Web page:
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Fund Boards Have Adopted Strong Governance Practices Independent of Regulatory Mandates

Study from IDC and ICI Examines Trends in Fund Governance Practices Since 1994

Washington, DC, September 30, 2013 -Fund governance practices over the past 18 years have evolved in response to emerging industry standards, often well in advance of, or in the absence of, explicit regulatory requirements, the Independent Directors Council (IDC) and Investment Company Institute (ICI) reported today in their update of a biennial study. Funds and their shareholders reap the benefits of this evolution of fund boards’ independence and operational practices, the paper notes.

The study, Overview of Fund Governance Practices, 1994-2012, is based on updated data, gathered from fund complexes, that provides an overview of common fund governance practices. Key findings for the complexes surveyed include:

  • As of year-end 2012, independent directors made up three-quarters of boards in 85 percent of fund complexes. Between 1996 and 2012, the number of complexes where independent directors hold 75 percent or more of board seats rose from 46 percent to 85 percent. As a practical matter, current SEC rules require that funds have boards with a majority of independent directors.
  • Nearly two-thirds of fund complexes report having an independent board chair. Sixty-two percent of fund complexes reported having boards with independent chairs at year-end 2012.
  • More than nine in 10 fund complexes report that separate legal counsel serve their independent directors. The total percentage of complexes reporting that independent directors are represented either by dedicated counsel or counsel separate from the adviser has increased steadily, from 64 percent in 1998 to 93 percent at year-end 2012. More than half of complexes say their independent directors retain their own counsel—separate from both fund counsel and the adviser’s counsel.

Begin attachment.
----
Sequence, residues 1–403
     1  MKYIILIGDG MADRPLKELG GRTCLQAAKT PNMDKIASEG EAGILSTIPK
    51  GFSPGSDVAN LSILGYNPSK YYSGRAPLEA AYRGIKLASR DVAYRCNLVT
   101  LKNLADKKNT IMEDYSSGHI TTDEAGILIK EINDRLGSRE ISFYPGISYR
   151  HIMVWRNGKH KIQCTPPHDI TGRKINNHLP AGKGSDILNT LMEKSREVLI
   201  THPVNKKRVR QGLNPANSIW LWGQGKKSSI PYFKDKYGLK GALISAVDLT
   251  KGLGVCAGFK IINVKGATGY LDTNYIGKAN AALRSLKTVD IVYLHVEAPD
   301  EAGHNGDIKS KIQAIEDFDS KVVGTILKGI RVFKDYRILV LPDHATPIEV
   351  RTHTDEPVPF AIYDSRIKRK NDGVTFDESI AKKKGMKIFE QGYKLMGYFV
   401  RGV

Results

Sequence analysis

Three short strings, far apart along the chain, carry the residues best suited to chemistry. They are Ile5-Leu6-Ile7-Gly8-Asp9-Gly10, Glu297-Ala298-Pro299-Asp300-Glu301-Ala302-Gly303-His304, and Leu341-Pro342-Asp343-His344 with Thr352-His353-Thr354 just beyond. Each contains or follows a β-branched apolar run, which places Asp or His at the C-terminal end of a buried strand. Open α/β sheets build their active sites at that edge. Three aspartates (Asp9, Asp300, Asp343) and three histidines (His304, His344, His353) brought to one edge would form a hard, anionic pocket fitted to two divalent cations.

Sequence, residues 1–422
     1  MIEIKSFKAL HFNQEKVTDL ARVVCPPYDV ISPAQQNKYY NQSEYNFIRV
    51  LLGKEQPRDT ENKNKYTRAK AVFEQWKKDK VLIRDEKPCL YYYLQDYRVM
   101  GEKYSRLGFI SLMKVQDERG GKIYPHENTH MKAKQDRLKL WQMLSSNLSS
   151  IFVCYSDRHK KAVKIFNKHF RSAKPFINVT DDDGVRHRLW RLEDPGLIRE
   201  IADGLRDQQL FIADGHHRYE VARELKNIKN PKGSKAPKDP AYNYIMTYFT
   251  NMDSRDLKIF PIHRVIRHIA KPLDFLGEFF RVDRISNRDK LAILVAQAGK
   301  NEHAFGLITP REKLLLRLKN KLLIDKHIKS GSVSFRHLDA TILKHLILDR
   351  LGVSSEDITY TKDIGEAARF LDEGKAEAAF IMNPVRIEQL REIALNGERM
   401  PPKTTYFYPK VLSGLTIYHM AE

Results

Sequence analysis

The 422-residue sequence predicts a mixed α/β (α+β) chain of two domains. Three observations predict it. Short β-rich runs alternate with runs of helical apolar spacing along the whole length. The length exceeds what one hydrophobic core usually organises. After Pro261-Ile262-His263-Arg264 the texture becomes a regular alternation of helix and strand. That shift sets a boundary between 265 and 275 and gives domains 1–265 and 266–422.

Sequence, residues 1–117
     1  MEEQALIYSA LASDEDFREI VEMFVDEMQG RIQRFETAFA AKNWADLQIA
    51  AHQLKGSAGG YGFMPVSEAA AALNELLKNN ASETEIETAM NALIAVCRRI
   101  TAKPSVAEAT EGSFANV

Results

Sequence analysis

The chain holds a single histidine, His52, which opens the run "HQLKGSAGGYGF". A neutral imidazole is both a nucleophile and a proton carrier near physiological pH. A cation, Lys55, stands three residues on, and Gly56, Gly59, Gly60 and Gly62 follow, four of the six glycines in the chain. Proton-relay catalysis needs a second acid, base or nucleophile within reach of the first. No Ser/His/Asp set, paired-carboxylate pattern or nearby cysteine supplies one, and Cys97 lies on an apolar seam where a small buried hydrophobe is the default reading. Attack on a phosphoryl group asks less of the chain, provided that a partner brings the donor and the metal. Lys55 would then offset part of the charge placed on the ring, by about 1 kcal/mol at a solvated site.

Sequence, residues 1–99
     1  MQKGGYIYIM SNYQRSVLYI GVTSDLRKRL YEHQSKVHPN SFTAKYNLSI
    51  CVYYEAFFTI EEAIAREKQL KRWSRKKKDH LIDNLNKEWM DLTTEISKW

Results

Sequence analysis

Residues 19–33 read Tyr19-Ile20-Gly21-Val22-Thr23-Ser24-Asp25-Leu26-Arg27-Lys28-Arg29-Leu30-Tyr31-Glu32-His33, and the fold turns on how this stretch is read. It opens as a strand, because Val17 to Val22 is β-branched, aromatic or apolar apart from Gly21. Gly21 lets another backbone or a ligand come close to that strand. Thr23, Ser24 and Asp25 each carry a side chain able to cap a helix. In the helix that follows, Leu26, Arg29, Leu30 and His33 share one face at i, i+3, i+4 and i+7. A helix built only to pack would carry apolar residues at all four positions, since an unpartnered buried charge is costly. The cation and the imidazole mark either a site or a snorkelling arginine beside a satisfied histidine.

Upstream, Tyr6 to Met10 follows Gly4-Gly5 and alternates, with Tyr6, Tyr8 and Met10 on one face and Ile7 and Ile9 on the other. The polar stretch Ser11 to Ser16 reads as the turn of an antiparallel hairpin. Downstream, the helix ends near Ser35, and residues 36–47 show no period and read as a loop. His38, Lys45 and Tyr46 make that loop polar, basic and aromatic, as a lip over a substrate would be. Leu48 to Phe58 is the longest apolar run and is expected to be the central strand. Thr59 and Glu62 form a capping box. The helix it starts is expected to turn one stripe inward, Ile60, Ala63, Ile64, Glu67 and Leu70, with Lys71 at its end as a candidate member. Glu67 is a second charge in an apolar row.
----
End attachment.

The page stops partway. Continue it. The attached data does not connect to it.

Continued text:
• A vast majority of fund complexes have an audit committee financial expert. While current rules require only that funds disclose whether the audit committee includes a financial expert, 95 percent of participating complexes report having a financial expert on the audit committee.

“Based on our survey, the clear trend in fund governance is for funds to implement practices that surpass any legal requirements, which serves fund shareholders well,” said Amy Lancellotta, Managing Director of IDC.

The Investment Company Act of 1940 imposes significant responsibilities on fund boards and dictates elements of board structures and practices. In 1995, ICI began to document fund governance practices by collecting data from fund complexes biennially. IDC was formed in 2004, and the studies have since been conducted jointly by IDC and ICI.